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EDITORIAL
Year : 2012  |  Volume : 1  |  Issue : 3  |  Page : 123-124

Applications of medicinal plants in dentistry


Department of Anthropology and School of Nursing & Health Studies, University of Miami, Coral Gables, Florida, 33124, USA

Date of Web Publication3-Jan-2013

Correspondence Address:
Robert A Halberstein
Department of Anthropology and School of Nursing & Health Studies, University of Miami, Coral Gables, Florida, 33124
USA
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Source of Support: None, Conflict of Interest: None


DOI: 10.4103/2278-9626.105349

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How to cite this article:
Halberstein RA. Applications of medicinal plants in dentistry. Eur J Gen Dent 2012;1:123-4

How to cite this URL:
Halberstein RA. Applications of medicinal plants in dentistry. Eur J Gen Dent [serial online] 2012 [cited 2019 Apr 24];1:123-4. Available from: http://www.ejgd.org/text.asp?2012/1/3/123/105349

Several lines of evidence indicate that the earliest known medications were derived from natural plant and animal products. Other primates species, including chimpanzees, gorillas, and various monkeys, have been observed to select and consume specific plant parts to aid digestion and ease pain. Fossilized pollen discovered in association with ancient human remains suggests plant exploitation for both food and medicine. The fact that botanical medicines are now utilized in all cultures of the world also attests to their lengthy and successful history of experimentation and application. An extensive stockpile of evidence, ranging from anecdotal reports to scientifically controlled double-blind laboratory experiments, supports the healing power of plants - one of the most significant discoveries in medical history.

A few of the many proven beneficial phytochemically derived medicines, their sources, and their associated applications include the following:
Digitalis - Foxglove plant (Digitalis lanata): Cardiovascular medication
Quinine - Cinchona tree bark (Cinchona officinalis and Cinchona pubescens): Anti-malarial drug
Saw Palmetto (Serenoa repens) berries: Prostate gland disorder medication
Taxol - Pacific Yew tree bark (Taxus brevifolia): Anti-cancer drug
Reserpine - Dogbane plant bark (Rauwolfia serpentina): Anti-hypertension drug
Morphine/Codeine - Poppy flower (Papaver somniferum): Analgesic
Colchicine - Autumn crocus corm (Colchicum autumnale): Gout treatment
Aspirin - Meadowsweet plant root (Filipendula ulmaria) and Willow tree bark (Salix alba): Analgesic, anti-inflammatory, body temperature regulator.

Some examples of reported animal-based medical products include beeswax and honey (burns, wounds, and eye disorders); oyster pearls (heart and liver ailments); pulverized sea shells, animal teeth and bones (calcium deficiency and purgatives); goat cheese (cancer); gazelle horn (blood purifier and jaundice); and rhinoceros horn (sexual dysfunction).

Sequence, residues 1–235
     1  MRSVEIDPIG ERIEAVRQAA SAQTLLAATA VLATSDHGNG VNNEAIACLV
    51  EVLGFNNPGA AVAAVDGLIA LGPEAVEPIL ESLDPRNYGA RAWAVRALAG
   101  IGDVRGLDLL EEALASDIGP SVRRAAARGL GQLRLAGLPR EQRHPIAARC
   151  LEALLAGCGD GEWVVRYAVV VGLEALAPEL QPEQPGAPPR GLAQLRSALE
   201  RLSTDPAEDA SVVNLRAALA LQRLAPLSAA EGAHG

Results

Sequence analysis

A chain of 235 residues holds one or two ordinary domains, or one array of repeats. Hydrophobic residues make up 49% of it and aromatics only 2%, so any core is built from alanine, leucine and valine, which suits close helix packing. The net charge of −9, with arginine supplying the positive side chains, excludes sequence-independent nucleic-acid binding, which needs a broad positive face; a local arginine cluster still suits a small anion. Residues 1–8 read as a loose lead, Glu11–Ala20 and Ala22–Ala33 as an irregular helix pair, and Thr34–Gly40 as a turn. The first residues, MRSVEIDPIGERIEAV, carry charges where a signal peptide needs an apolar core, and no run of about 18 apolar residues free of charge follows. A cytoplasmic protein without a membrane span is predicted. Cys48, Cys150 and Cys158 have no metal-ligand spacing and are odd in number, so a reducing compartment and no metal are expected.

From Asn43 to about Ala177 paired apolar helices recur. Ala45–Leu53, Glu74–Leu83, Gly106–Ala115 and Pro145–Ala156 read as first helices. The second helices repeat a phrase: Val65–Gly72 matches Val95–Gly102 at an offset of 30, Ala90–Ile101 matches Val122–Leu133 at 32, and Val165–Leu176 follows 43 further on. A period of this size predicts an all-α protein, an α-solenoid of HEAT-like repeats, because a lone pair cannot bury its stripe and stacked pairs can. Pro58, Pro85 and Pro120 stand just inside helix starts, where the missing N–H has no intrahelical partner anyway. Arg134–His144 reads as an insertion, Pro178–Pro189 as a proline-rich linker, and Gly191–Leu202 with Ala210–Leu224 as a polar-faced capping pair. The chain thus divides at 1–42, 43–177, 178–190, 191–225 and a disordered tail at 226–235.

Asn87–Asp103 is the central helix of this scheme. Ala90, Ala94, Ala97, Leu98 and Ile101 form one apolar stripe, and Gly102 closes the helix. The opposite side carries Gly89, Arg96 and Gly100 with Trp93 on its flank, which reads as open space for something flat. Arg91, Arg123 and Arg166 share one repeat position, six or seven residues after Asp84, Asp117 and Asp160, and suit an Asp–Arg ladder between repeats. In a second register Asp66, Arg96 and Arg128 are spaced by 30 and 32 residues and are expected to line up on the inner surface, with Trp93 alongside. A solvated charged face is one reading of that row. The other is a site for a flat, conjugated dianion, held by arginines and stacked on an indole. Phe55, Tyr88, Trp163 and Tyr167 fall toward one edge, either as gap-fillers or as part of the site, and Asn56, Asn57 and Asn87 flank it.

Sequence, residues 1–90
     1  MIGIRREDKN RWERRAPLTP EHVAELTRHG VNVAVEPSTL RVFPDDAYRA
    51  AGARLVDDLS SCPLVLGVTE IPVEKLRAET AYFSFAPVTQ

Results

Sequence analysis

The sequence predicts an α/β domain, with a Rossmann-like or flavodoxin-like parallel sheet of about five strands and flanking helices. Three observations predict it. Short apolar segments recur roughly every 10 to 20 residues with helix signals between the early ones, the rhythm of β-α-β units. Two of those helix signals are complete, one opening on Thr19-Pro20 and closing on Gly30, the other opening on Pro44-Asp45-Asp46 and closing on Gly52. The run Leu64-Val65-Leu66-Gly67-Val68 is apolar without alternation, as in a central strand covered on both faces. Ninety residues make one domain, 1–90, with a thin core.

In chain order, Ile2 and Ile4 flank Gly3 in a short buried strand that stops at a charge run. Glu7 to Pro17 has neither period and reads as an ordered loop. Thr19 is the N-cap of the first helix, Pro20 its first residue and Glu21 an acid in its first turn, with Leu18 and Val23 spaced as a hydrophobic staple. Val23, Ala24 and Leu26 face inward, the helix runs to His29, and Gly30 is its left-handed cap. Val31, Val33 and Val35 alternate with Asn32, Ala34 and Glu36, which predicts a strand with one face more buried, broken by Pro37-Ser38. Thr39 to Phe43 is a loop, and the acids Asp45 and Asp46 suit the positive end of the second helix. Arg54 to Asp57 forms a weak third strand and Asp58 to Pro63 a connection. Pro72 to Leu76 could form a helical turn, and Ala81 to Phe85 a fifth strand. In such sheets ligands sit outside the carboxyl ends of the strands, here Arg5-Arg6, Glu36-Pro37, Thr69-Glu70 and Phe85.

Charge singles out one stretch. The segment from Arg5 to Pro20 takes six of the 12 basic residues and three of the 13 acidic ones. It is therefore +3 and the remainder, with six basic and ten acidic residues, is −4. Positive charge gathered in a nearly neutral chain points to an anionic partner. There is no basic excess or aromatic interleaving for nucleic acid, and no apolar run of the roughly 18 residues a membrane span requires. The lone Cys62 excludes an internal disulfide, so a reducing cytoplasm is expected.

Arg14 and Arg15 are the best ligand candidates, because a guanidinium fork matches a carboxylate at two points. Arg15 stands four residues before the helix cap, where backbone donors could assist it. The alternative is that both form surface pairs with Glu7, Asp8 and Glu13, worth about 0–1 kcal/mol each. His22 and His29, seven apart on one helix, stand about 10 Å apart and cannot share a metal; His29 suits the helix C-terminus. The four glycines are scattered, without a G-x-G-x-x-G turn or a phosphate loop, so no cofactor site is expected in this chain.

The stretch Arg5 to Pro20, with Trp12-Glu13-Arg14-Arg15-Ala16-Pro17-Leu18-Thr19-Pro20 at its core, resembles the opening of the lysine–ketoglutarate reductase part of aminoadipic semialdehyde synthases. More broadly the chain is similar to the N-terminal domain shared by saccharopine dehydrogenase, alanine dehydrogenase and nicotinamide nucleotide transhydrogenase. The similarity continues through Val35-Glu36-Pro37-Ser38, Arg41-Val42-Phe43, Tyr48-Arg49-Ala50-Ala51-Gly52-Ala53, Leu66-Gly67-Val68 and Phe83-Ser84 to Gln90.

Medicinal plants also have a lengthy history of use in the treatment and prevention of dental disorders. A publication by the present author ("Botanical Medicines for Oral Health", Natural Product Communications, Vol. 3, 2008, pp. 1813-1824) is based on data collected in a survey of 91 "botanicas" (medicinal plant shops) located in Miami, Florida, USA. Thirty-three plant species were discovered that are sold specifically for dental disease treatments and for maintaining oral health. An additional 178 plant species with reported applications in traditional dentistry in different cultures were noted from published scientific sources. More than 500 additional plant species have been described in academic journals and on the internet as sources of toothache treatments and dentifrices.

Other botanical products have historically been prescribed by herbalists around the world for halitosis (Boswellia sacra), oral infections (Plumeria multiflora, Vicia faba), teething pain in babies (Hyoscyamus niger, Glycyrrhiza glabra), decay prevention (Myrica cerifera), cosmetic tooth whitening (Acacia arabica, Azadirachta indica), tooth strengthening (Coix lacryma-jobi, Ricinus communis), and as reconstructive material for tooth fillings and restorations (Symphytum officinale). Various plant products have been applied in the treatment of gum ailments, including gingivitis (Commiphora myrrha) and pyorrhea (Croton hibiscifolius, Equisetum bogotense). Numerous additional plant-derived preparations are regularly recommended cross-culturally as sources of analgesics for oral pain (e.g., Dalechampia scandens, Jatropha urens).

Besides botanically-based toothpastes/powders and mouthwashes, more than 180 plant species have served as sources of antiseptic chewing sticks for teeth cleansing and disinfection. Eighteen different plant components have been utilized as raw materials in the formulation of oral medications, including roots, stems, seeds, leaves, barks, oils, gums, and resins.

Clinical studies have confirmed the biodynamic dental healing properties of several plant species, especially Salvadora persica (peelu plant), Centella asiatica (gotu kola), and Punica granatum (pomegranate). Oral medications produced from these plants have been credited with significant reductions in plaque, oral bacteria, gingivitis, and oral bleeding. Salvadora persica is the most frequently used botanical species in traditional dentistry.

Only a small fraction of the world's plants has been scientifically tested for their potential medical value, including their possible applications in dentistry. Negative side effects must also be explored and carefully documented for those species with demonstrated therapeutic results.

 
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